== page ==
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Can you brine pork loin like you do chicken

post #1 of 9
Thread Starter 

To make it moist and tender? 

 

I was thinking of roasting it or smoking it after a sear.  If I do either I would like to know how to keep it moist even after refrigeration the next day. 

 

If i brine chicken it keeps that tender moist texture even after refrigerating it and microwaving it. 

post #2 of 9

YES ...   The meat is thicker soooo, I would brine it for at least a week and definitely inject.... 

post #3 of 9
Thread Starter 

Brine for a week?

 

Inject even with a brine?

post #4 of 9
Quote:
Originally Posted by waytoodeep03 View Post
 

Brine for a week?

 

Inject even with a brine?

 

 

The meat is over 2" thick....   Sugar penetrates up to 10 times slower than salt because of the size of the molecule....  but, all being said, you are welcome to do what ever you wish...

post #5 of 9
Dave, curious, could the time be shortened any and still work as well if you put the loin in the brine and put it into a vacuumable container?
post #6 of 9

I don't know....  I've never tested it...    I do some injection stuff where I inject every 1.5" all over the meat and it needs 7 days to thoroughly cure...    Curing meat is a chemical reaction that takes time....   like paint drying..   There are chemicals you can add that speed up the curing process...  that's what commercial establishments use...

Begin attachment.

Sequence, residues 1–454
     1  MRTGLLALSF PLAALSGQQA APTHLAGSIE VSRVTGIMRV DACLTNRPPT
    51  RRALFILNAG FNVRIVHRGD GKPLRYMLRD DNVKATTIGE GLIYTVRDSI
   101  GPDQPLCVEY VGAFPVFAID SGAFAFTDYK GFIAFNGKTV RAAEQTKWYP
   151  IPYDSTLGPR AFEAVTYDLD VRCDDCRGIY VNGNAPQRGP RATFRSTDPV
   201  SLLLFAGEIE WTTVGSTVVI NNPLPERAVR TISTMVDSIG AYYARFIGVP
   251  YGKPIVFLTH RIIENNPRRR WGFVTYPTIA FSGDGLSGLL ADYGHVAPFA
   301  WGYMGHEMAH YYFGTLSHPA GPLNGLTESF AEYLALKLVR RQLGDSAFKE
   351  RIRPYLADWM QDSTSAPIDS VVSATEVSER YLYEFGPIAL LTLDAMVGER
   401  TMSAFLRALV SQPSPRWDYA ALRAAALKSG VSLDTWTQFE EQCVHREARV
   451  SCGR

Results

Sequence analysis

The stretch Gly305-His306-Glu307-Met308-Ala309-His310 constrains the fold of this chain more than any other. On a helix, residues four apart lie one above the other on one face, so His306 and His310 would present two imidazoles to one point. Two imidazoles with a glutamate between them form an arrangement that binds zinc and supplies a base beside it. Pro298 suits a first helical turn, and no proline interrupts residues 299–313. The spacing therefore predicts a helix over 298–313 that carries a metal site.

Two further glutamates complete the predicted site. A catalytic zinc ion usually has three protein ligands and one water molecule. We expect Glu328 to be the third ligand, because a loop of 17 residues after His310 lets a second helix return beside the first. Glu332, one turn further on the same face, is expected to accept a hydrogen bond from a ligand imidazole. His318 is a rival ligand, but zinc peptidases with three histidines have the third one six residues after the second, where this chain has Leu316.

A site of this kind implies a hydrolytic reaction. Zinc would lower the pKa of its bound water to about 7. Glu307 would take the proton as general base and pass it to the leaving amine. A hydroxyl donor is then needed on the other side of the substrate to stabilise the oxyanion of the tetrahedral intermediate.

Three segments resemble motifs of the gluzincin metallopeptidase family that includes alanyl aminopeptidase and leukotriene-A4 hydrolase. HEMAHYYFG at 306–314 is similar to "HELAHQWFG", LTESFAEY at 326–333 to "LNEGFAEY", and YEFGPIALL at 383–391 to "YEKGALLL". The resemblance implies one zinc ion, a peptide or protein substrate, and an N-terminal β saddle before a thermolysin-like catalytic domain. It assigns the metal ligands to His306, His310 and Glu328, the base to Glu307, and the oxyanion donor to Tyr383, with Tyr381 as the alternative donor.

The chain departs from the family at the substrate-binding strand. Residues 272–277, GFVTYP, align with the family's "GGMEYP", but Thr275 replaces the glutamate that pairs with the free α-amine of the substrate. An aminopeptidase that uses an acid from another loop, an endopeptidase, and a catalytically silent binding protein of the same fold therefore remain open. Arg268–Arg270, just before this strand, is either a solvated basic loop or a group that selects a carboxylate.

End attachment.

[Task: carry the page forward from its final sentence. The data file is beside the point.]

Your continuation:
post #7 of 9
Thanks for your thoughts.
post #8 of 9

I have a pork loin recipe in my signature line. It stays real moist without brining. You may want to take a look at it.

 

Al

post #9 of 9

No need to brine a pork loin or a chicken to get a moist finished product. The biggest thing to getting your pork loin moist is to not over cook it. 145° is the safe cook temp for pork. If you pull your loin off the heat at 140° wrap in foil and let it rest for 30-45 minutes it will carry over to 145°. The loin will be safely cooked and nice and moist.

 

If you want to add or modify the flavor of the loin then by all means brine it. No need for a week long brine to achieve additional flavor, unless you are trying to cure it. A vacuum chamber, tumbler, marinater can speed up the absorption of the brine into the meat.

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